Even at that tender age, the list of things I possessed absolutely no talent for was growing rapidly. Young ladies from good Halifax families were expected to excel at the arts. Ballet, tap, modern dance, and highland fling, had already been tried and eliminated from the dance category by the time I was five. Appearing as lead candy cane in the school play after bending over and putting a huge tear in my costume, followed by a brief guest shot on a local children’s show wearing melted chocolate ice cream down the front of my new dress pretty much hammered the last nail in any hopes for a bright acting career somewhere in my future. After a short but memorable autumn being taught basic equestrian skills under the tutelage of the fine instructors at the Bengal Lancers they too scratched me off their list of hopefuls without so much as a parting glance over one epaulet decorated shoulder. Skating needed to be something I excelled at lest I be known mainly for having virtually no athletic talent whatsoever.
Stepping onto the ice was my first mistake. Chubby little sno-cones are not meant to glide effortlessly across slippery surfaces. With a loud thwack I hit the ice, splaying myself like an ungainly deer on a frosty pond. As the day progressed this became a familiar sight to those skating around me to avoid tripping over me. Soon the rink guards placed a cone by me to avoid unnecessary collisions. Lessons began on time. Our instructor was a large woman, with an under developed funny bone, who found no humor in my less than graceful approach to her beloved sport. Rolling her eyes every time she glanced in my direction certainly wasn’t helping to build my self-esteem. Looking back as I write, perhaps a little less glaring and a little more caring might have served me well here, but after many weeks of training I did learn to remain erect more often than prone, which for my mother was a win-win considering my previous track record.
As the years passed I discovered roller skates and to this day can spin and twirl on the eight wheels with some expertise and to the amazement of my grandchildren who assume if you’ve passed fifty your twirling days are far behind you. So, I remain in awe of those who can. Admiring an arm capable of throwing a ball past the end of their toes. Gifts come in many different packages, mine will never have a ball inside the box I’m afraid, but we all can’t be quarterbacks.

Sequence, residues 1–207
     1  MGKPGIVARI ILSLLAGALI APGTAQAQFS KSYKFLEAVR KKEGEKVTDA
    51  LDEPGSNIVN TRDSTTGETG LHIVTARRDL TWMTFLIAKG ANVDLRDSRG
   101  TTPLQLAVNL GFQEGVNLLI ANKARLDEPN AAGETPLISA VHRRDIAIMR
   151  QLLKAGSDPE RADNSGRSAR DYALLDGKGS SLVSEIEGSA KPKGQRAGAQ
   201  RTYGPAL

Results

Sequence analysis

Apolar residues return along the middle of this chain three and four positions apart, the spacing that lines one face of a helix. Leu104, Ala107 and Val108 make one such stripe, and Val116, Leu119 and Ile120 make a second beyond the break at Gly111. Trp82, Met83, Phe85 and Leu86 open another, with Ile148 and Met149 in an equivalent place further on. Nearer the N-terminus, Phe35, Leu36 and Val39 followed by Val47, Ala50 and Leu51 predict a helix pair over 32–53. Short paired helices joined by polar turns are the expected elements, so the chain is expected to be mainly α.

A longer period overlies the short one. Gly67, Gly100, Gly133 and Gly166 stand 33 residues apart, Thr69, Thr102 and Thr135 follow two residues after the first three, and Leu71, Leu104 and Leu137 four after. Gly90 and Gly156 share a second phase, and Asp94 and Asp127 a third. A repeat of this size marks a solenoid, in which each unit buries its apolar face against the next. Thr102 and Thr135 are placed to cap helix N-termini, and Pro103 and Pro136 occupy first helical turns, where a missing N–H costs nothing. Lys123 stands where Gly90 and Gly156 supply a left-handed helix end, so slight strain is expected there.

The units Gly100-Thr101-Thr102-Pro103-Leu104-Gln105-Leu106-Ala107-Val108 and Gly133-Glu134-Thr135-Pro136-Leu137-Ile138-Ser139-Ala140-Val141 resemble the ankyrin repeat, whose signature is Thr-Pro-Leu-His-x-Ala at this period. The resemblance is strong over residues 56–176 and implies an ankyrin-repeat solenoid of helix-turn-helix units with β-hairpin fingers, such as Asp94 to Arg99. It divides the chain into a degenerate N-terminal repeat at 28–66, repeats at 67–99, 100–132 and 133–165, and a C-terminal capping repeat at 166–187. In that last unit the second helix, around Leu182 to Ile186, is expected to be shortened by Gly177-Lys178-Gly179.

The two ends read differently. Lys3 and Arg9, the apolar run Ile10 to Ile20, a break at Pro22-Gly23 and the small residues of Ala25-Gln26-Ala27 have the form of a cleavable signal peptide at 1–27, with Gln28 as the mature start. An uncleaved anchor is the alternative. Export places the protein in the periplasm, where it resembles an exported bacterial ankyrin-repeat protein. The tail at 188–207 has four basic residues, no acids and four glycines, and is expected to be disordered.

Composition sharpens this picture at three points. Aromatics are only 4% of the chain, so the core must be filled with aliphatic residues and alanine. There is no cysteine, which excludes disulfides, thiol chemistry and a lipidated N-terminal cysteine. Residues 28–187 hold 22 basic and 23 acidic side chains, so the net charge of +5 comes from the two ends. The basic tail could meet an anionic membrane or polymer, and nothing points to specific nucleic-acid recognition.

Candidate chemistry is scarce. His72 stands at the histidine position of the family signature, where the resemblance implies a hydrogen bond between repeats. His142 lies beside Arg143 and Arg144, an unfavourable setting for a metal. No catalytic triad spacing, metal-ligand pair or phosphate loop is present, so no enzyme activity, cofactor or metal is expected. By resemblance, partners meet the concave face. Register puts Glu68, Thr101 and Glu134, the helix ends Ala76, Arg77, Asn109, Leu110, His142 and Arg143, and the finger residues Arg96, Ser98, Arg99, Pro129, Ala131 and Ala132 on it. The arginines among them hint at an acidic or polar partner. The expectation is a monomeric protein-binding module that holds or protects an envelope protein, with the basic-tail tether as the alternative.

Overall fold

There’s always next year, and Super Bowl to look forward to. Yea.
Rain is actually predicted today. You can’t see me but I’m dancing over here, not very well naturally, but I’m dancing. Dry, dry, dry winter. My sinuses, if they could clap, would be doing so. A great day to be lazy and do a little baking. This recipe was handed down to me from my mom who got it, I believe, from Taste of Home. Quick and easy to put together, it is always a crowd pleaser.
1/4 cup butter, softened
2/3 cup granulated sugar
1 tsp. vanilla
1 1/2 cups all-purpose flour
2 tsp. baking powder
1/4 tsp. salt
3/4 cup 2% milk
1 1/2 cups flaked coconut
1/2 cup packed brown sugar
5 Tbsp. heavy whipping cream
1 1/2 tsp. vanilla
1/4 cup finely chopped walnuts
Cream butter and sugar in large mixing bowl until light and fluffy. Beat in egg and vanilla.
Whisk together flour, baking powder, and salt. Add to butter/sugar mixture alternately with milk, beating well after each addition.
Pour into 8″ square pan sprayed with cooking spray. Bake for 30 mins. or until toothpick inserted in middle comes out clean.
Combine topping ingredients. Spread over warm cake. Place under broiler for 5 mins. until bubbly and golden brown.